David Evanson and Steve Cordasco
TheStreet.com, Winter, 2012
I think therezzs method in the madness of the Federal Reserve policy of so-called quantitative easing.
The massive buying of Treasury securities, now in its third incarnation, has done its work of keeping interest rates low throughout the economy. In turn, these “low, low” rates have done their job. Investment capital in search of higher returns is, albeit slowly, migrating into riskier assets.
As an aside, let me say that if the Fedzzs purpose in this is to lift the stock market and enjoy the salubrious glow of the “wealth effect” felt by individuals as the value of their holdings rise, thatzzs a radical departure from historical policy. The Fedzzs job is to lift the economy, not the market. Letzzs hope the Fed has not lost sight of this.
Retirees and near-retirees that are swept up in the policies of the Fed should indeed follow the prevailing tide and are advised, albeit reluctantly, to find assets that will deliver higher levels of income. The reason for this is very simple: the traditional near- or post-retirement portfolio simply isnzzt going to cut it anymore. This portfolio consisted of the following elements: U.S. Treasury securities, U.S. bond funds, certificate of deposits, high-yielding money market mutual funds, index growth funds and fixed annuities.
Collectively, such a portfolio is hard pressed to deliver a return over 3.5%. With inflation and taxes, todayzzs retiree or near retiree is working to hard just to stay in place. Here is how someone with an IRA or 401(k) and other retirement savings should consider positioning their investments.
Cash and near cash: FDIC bank accounts, gold
Fixed income: Foreign bonds, corporate bonds, bank loan funds, mortgage backed securities
Equities: dividend-paying stocks
Here are some, but clearly not all, funds that investors could consider to fill out the fixed-income portion of a portfolio rebalanced for quantitative easing.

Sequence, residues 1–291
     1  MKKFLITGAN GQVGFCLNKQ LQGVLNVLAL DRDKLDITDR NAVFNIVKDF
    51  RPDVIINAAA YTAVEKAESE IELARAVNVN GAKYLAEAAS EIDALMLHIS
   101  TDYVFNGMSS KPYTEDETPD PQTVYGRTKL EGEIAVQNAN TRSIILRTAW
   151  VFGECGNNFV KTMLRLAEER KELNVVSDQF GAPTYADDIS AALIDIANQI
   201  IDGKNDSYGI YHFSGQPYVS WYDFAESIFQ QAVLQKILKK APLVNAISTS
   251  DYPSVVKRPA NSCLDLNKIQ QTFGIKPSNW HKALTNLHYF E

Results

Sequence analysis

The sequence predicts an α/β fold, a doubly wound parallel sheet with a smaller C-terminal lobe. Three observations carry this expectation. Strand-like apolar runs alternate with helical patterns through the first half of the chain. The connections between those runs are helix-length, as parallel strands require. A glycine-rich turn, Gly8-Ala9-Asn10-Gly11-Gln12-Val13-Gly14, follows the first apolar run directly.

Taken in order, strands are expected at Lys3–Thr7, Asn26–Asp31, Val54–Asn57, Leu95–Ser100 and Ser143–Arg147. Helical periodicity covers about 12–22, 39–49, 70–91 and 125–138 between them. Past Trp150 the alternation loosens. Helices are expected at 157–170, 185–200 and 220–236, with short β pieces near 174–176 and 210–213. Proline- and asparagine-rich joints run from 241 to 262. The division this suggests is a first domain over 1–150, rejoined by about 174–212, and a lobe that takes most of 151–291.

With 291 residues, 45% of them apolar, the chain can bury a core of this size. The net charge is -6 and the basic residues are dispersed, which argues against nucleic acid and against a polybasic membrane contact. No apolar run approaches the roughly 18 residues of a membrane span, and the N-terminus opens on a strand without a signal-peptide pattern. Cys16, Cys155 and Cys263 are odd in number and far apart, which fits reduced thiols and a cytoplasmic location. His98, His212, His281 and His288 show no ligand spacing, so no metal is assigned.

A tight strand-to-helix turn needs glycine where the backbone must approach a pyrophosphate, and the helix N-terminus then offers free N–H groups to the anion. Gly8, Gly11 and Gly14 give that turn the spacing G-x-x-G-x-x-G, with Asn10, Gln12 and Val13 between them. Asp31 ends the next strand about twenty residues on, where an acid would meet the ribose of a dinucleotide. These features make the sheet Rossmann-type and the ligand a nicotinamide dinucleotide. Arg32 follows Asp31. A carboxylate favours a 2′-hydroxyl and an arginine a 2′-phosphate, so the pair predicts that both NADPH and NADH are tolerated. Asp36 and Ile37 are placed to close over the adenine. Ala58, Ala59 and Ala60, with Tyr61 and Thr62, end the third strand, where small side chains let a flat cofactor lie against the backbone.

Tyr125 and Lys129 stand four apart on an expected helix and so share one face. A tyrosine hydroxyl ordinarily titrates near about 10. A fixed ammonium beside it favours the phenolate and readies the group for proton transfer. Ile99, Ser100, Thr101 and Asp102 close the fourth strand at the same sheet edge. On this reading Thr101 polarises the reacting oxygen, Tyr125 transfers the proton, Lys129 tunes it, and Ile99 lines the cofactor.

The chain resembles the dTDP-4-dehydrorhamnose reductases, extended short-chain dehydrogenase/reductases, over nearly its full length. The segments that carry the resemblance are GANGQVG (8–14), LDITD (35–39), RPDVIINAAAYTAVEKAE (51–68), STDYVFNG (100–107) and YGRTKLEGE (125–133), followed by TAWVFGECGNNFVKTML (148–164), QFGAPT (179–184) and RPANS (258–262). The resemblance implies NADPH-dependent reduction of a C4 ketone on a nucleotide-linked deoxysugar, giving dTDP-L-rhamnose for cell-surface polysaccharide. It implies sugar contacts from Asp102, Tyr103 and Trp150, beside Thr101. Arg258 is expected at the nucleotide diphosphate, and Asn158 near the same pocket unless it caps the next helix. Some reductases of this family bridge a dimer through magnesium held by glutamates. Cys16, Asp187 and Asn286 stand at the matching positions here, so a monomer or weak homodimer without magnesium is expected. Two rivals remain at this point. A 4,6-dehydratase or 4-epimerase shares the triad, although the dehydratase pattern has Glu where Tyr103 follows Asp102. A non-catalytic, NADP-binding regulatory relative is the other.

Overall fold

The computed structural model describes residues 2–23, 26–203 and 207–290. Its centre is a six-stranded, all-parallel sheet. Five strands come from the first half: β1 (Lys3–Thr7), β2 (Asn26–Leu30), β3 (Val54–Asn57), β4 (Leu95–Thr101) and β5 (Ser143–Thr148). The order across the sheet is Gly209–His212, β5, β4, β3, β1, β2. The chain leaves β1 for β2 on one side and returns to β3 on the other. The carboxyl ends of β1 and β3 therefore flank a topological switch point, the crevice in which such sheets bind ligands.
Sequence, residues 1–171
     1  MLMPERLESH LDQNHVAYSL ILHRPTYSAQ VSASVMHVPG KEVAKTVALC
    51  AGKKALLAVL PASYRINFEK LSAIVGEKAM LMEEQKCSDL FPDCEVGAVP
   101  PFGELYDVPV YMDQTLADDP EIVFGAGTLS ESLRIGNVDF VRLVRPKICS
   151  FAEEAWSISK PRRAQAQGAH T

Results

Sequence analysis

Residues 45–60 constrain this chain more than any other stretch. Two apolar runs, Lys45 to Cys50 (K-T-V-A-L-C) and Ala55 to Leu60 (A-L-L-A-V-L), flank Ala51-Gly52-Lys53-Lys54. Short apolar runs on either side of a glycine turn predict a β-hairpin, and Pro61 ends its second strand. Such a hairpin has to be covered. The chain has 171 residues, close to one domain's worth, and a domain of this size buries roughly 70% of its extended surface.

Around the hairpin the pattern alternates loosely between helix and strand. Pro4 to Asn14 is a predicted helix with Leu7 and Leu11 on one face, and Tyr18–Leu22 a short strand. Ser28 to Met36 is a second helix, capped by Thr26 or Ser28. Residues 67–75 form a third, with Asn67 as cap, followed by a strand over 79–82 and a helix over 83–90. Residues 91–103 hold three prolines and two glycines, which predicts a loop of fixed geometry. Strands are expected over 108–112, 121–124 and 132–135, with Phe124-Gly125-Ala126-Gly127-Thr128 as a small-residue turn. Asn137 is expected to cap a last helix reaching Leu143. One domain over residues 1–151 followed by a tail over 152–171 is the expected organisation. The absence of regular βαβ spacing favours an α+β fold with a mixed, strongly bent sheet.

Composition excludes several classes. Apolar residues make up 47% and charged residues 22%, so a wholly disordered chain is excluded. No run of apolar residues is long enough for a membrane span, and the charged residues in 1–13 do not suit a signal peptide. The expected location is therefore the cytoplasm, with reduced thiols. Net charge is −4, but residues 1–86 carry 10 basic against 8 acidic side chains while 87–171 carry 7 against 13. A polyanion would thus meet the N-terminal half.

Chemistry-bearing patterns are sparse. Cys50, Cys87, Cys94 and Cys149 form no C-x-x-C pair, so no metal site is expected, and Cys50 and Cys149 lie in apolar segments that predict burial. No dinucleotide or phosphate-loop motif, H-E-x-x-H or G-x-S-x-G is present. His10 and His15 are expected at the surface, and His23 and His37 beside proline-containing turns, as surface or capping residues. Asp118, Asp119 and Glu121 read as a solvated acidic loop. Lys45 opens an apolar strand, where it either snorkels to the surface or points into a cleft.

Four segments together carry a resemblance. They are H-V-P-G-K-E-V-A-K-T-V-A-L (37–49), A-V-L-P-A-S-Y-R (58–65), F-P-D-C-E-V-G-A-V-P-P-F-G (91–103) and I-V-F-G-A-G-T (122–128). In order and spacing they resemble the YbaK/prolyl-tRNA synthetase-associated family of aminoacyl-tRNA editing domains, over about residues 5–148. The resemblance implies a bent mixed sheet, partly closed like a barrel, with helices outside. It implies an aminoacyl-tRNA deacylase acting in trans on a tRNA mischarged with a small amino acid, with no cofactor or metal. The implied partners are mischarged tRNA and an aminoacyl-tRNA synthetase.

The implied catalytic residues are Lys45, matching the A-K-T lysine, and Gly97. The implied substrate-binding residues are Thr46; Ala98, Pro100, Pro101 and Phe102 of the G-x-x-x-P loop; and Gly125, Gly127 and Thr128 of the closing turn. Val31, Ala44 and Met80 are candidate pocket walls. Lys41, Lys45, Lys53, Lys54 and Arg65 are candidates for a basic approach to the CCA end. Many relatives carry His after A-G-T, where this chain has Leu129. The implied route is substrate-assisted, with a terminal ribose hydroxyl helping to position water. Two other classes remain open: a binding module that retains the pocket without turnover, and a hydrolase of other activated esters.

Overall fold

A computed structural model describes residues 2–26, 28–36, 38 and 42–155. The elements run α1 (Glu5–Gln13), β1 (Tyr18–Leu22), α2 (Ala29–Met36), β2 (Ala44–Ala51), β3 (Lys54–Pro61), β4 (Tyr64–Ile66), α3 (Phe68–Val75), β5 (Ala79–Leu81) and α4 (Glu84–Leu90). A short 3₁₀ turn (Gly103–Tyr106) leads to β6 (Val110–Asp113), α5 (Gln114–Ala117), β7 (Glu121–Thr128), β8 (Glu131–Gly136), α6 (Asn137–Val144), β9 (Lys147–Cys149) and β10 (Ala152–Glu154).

Here are some, but clearly not all, dividend stocks that investors could consider to fill out the equities portion of a pre retirement, or near retirement portfolio rebalanced for quantitative easing.
This is not necessarily easy to do. Itzzs important to note that investors should know their risk tolerance. This will provide you with a guide to determine what percentage of your money should be allocated to these investments.
Since TheStreet.com readers are generally independent-thinking investors, I say this reluctantly, but with conviction: If you cannot do this on your own, find a registered investment adviser who can help you execute. Nothing wrong using a fee-only adviser to put a plan together for you then coach you along the way.
The underlying theme for retirees and near-retirees, especially for the equity portion of their portfolio, should be to invest in areas that have lots of hard assets, make necessary items, have some kind of monopolistic characteristic and pay above average current income. In short, the portfolio should mirror where retirees and near-retirees are spending their own money: energy, food, water and health care.
As a parting thought, the love affair between retired or near retired investors for Treasury securities is not completely over. Buy them all you want, but only for risk reduction, not current income.